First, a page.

Heck, they might be better off staying seventh or eighth, avoiding LeBron James and the Cavaliers, who will probably finish between third and fifth. Getting into the non-Cleveland, 3-6 or 4-5 first-round series would be ideal – especially if it’s with home-court advantage. But opening with the Raptors or Celtics, who’ve both looked vulnerable in previous playoffs, wouldn’t be so bad.

Whomever Milwaukee faces in the postseason, determining Parker’s role will be key. The Bucks can beat any Eastern Conference team. They can’t waste minutes on Parker if he isn’t ready to contribute.

At least there appear to be clear distinctions of when Parker will and won’t help.

Milwaukee has unsurprisingly excelled with Antetokounmpo, an MVP candidate, on the floor this season. But Parker and Antetokounmpo, both nominal power forwards, didn’t seamlessly mesh before. Now that Antetokounmpo has seized an even bigger share of the offense and Parker – whose main skill is scoring, primarily on the ball – isn’t fully operational, the fit is even more difficult.

With Antetokounmpo and without Parker, the Bucks have played like a 52-win team. With Antetokounmpo and Parker, the Bucks have played like a 33-win team.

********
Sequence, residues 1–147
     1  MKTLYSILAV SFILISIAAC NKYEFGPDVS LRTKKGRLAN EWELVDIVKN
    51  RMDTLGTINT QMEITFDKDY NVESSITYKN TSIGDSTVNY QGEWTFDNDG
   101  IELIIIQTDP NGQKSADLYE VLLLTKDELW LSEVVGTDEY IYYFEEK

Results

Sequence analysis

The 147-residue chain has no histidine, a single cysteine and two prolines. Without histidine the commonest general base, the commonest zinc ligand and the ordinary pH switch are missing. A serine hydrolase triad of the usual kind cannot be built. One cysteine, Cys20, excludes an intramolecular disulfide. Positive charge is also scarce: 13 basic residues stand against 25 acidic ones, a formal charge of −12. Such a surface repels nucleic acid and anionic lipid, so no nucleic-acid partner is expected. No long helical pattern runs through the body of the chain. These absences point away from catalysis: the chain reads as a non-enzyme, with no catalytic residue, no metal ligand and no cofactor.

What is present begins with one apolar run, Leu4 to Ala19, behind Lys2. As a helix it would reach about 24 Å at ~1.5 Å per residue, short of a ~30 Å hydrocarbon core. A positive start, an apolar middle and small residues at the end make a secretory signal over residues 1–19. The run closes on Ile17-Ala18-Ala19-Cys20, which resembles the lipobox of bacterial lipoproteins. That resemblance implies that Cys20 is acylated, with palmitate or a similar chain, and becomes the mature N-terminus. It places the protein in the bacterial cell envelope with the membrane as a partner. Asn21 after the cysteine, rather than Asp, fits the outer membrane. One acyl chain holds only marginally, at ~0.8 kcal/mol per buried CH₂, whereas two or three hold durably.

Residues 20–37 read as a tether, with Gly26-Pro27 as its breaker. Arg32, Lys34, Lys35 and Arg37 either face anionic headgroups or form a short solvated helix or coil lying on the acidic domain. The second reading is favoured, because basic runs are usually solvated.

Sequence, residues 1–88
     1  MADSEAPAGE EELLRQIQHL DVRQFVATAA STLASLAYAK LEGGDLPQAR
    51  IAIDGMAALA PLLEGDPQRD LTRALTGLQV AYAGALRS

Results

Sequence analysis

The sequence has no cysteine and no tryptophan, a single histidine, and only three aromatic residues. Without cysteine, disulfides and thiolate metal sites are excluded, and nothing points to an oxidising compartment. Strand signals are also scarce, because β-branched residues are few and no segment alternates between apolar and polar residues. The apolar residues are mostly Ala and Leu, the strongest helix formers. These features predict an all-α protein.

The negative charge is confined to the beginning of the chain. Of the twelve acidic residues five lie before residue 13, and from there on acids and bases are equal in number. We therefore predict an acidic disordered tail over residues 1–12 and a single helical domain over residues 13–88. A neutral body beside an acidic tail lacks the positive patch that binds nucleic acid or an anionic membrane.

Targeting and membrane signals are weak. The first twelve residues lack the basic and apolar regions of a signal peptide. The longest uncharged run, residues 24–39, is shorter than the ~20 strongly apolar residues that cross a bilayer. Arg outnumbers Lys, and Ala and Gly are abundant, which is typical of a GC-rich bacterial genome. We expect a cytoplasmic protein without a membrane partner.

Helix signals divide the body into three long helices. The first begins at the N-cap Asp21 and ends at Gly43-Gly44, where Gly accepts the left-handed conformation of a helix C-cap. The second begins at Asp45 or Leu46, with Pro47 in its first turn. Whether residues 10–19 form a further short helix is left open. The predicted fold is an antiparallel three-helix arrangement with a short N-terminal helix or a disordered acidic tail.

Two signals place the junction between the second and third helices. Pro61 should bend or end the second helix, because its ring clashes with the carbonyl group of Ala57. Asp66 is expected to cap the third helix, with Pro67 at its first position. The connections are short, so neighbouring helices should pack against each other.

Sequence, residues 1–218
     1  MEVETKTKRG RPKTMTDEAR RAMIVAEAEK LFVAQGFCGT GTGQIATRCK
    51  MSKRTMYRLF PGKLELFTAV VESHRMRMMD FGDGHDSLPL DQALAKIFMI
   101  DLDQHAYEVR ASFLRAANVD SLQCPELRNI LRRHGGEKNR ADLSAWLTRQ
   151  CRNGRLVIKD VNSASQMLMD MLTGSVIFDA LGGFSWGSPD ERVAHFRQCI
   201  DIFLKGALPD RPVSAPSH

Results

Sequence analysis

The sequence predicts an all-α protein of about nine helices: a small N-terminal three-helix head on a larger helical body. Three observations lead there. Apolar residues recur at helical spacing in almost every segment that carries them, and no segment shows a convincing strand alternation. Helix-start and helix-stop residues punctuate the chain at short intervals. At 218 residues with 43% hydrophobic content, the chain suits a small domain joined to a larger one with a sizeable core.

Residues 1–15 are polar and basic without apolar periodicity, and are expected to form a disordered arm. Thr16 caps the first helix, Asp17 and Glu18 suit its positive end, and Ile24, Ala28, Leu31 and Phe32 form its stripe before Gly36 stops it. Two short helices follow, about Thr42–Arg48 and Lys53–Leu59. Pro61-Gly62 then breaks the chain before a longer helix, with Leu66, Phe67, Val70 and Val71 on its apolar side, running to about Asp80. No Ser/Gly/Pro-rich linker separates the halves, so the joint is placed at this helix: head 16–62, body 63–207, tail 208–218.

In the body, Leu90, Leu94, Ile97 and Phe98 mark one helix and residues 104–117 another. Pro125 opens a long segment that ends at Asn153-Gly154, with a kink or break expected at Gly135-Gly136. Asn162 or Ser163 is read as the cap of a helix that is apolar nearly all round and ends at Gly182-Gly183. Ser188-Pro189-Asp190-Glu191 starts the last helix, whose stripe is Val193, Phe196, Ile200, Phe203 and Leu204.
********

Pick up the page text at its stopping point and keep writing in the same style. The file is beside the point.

But that doesn’t render Parker useless.

Milwaukee has cratered whenever Antetokounmpo sits. Parker can provide a scoring punch in those minutes without worrying about redundancies.

With neither Antetokounmpo nor Parker, the Bucks have played like a 15-win team. Without Antetokounmpo and with Parker, the Bucks have played like a 26-win team.

That’s not great, but it’s a marked improvement. It’s the type of difference that could swing a playoff game or two.

“We need him,” Bucks interim coach Joe Prunty said of Parker.

Of course, such a narrow role wouldn’t leave much playing time for Parker. Antetokounmpo is already averaging an NBA-high 37.3 minutes per game. He played 40.5 minutes per game in last year’s playoffs, up from 35.6 that regular season. How little time will he sit this postseason?

Maybe Parker will have hit his stride by then. He developed a 3-pointer last year that made him far more dangerous off the ball and workable next to Antetokounmpo. Parker’s improved passing, which we haven’t seen much of yet this season, also contributed to his newfound play-with-anyone flexibility.

But the Bucks don’t need to assess the Parker-Antetokounmpo pairing just for the spring. They also must look much further.